The mother testified that she is an addict. She explained that, at the time of the termination trial, she was being treated for her opiate addiction at a methadone-treatment facility, where she went at least four days a week to receive a dose of methadone. However, the mother admitted that she also uses Adderall, which, she said, she had taken only two weeks before the trial. The mother testified that she had used Adderall as frequently as once a day during the previous six months but then stated that "it's probably four of five times a week." The mother excused her failure to complete substance-abuse treatment at WellStone by explaining that her brother had died, which, she said, had caused her to fall into a depression and to relapse. The mother said that her longest period of sobriety had been "a couple of months." When asked by the juvenile court why she had not pursued inpatient treatment for her substance-abuse issues, the mother explained that she had to work to pay her rent and utilities and that she had no one to help her do those things, implying that she would lose her employment and possibly her apartment if she went into inpatient treatment.

         The mother testified that she had been employed at a gasoline station and convenience store when the child was first removed from her custody. She reported that, at that time, her hours of employment were from 6:00 a.m. to 4:00 p.m. According to the mother, she had had difficulty making it to the drug-screening facility, which operates from 8:00 a.m. to 4:30 p.m. However, the mother testified that she had changed employment six months before the termination trial and that, at the time of trial, she was working at a discount store during the third shift or from 10:00 p.m. to 7:00 a.m.[3] The mother candidly admitted that her failure to attend any drug screens for the previous six months was due more to the fact that she knew that she would test positive rather than conflicts with her work schedule. The mother testified that she had undergone a drug assessment in the days before the termination trial and that she had enrolled in a substance-abuse-treatment program at Aletheia House, which, she said, was scheduled to begin on January 3, 2019.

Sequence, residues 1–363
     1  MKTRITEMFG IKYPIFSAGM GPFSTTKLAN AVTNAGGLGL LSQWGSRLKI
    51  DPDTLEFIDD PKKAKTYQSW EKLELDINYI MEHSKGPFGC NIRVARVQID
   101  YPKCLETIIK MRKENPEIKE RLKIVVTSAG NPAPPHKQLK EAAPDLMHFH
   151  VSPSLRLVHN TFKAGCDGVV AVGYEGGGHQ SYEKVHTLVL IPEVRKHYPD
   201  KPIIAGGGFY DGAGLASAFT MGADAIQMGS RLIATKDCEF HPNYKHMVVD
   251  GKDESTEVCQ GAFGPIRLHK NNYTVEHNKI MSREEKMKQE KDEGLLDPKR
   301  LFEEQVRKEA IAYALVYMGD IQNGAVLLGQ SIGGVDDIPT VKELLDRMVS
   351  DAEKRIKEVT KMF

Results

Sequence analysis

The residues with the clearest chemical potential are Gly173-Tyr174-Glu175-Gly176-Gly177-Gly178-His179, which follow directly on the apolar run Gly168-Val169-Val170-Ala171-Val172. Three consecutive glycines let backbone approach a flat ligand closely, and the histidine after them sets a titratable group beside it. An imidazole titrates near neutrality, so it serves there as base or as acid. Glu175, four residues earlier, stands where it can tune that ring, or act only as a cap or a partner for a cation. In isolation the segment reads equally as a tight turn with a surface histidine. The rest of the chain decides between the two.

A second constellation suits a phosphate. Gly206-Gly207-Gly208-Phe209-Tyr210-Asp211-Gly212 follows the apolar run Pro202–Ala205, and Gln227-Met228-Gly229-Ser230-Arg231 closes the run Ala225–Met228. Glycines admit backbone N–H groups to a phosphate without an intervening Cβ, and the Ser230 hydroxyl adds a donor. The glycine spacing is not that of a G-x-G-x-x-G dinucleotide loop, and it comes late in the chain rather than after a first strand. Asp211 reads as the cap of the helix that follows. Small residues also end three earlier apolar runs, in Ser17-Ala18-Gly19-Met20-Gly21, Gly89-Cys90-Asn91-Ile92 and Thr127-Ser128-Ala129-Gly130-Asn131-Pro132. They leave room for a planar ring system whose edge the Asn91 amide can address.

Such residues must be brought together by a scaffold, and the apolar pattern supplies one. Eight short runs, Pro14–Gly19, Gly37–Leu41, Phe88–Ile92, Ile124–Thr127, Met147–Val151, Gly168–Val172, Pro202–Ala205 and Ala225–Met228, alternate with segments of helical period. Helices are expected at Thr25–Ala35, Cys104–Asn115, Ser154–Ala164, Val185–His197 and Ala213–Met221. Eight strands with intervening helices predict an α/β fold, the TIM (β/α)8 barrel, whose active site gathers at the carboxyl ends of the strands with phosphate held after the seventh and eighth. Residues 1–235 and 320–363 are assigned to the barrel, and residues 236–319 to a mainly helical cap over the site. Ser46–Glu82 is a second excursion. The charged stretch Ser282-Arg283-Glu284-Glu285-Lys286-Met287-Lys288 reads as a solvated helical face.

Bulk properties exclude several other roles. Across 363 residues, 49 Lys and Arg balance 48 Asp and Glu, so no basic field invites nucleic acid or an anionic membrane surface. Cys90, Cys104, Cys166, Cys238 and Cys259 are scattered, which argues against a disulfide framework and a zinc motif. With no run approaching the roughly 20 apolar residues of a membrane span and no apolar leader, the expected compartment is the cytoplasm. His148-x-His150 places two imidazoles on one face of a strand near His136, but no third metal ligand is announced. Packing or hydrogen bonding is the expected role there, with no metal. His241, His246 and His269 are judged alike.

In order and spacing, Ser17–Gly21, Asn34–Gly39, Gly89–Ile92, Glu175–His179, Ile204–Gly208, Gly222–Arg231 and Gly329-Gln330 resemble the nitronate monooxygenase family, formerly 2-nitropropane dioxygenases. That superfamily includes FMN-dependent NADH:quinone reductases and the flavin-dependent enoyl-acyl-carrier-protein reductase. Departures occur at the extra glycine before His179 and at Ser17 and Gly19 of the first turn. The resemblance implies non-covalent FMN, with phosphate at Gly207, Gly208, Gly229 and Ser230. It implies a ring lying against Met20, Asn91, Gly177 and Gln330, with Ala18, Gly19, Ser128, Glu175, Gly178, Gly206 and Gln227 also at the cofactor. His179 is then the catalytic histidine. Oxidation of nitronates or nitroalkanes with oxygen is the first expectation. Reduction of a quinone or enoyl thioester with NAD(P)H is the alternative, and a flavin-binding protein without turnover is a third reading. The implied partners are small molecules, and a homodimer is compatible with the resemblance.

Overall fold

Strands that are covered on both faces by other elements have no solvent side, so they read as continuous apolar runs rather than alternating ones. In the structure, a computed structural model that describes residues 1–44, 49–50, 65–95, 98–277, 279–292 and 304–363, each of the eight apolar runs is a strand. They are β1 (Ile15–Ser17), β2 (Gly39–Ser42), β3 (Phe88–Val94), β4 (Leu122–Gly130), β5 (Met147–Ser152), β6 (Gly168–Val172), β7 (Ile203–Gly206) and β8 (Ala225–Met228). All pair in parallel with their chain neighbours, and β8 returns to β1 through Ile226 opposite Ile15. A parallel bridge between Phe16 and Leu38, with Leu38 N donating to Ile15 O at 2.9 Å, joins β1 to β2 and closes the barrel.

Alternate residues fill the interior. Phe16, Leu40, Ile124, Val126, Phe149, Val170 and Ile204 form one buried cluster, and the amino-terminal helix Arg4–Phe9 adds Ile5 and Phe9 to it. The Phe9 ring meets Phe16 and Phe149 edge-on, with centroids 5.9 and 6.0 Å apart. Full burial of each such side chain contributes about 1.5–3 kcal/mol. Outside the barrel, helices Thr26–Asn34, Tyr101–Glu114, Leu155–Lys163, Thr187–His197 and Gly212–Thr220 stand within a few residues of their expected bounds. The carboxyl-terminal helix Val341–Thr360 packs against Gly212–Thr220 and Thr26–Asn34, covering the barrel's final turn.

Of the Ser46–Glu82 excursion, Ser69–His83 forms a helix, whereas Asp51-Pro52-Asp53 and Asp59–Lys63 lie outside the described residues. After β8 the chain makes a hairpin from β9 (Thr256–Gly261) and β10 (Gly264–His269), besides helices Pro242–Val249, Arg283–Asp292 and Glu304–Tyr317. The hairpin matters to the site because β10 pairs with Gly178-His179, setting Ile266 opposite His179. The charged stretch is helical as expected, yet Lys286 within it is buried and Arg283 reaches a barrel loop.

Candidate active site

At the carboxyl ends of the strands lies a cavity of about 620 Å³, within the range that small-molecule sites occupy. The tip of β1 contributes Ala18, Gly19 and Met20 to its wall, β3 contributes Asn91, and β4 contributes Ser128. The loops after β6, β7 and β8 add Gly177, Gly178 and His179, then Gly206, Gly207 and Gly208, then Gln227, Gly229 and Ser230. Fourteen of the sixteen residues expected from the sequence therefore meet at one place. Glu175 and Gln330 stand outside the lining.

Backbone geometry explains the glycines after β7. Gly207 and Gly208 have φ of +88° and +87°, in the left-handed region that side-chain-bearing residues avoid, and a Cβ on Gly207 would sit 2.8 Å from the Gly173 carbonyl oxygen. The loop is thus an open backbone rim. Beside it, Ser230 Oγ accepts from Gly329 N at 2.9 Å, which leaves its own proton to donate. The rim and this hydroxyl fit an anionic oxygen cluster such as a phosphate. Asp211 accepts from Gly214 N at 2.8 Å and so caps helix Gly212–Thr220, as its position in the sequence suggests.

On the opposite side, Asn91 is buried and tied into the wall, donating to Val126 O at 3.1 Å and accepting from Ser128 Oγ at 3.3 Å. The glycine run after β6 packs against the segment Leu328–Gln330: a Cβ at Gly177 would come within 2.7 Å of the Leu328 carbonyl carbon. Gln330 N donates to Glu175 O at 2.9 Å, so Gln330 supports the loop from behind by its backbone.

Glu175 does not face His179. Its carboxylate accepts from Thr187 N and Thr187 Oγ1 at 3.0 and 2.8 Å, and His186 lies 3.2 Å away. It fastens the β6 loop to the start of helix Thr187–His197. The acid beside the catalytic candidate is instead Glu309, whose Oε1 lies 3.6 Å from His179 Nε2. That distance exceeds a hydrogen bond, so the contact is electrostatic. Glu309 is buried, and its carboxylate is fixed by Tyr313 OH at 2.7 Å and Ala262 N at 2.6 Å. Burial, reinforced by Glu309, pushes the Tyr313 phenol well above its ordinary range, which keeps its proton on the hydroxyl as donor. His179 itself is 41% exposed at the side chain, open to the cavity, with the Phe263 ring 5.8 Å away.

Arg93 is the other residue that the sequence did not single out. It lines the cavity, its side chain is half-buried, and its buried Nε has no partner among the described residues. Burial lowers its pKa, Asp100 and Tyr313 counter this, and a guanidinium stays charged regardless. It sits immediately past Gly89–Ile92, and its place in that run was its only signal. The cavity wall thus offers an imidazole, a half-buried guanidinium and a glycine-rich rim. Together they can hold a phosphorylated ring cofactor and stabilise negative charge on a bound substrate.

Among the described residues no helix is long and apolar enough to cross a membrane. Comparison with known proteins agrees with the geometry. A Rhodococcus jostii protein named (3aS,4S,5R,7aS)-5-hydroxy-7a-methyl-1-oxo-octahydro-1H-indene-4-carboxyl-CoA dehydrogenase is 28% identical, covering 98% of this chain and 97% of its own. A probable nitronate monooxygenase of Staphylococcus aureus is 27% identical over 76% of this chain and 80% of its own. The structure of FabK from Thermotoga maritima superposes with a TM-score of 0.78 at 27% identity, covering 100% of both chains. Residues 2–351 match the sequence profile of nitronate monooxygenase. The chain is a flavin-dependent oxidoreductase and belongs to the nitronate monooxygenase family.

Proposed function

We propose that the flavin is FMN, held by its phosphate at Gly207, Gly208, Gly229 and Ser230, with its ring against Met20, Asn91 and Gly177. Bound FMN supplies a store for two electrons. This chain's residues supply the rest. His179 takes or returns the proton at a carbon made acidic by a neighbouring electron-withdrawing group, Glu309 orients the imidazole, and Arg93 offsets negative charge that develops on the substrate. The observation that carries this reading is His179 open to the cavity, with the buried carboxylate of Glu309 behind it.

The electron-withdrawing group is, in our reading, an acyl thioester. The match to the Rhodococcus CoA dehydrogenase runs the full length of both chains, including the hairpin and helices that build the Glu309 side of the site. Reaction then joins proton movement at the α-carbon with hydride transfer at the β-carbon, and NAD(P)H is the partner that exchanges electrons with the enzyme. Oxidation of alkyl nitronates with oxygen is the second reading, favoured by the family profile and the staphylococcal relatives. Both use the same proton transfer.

The mother testified that she had lived in the same apartment for almost 5 years at the time of the trial, and she presented as evidence a lease-extension addendum indicating that the mother ...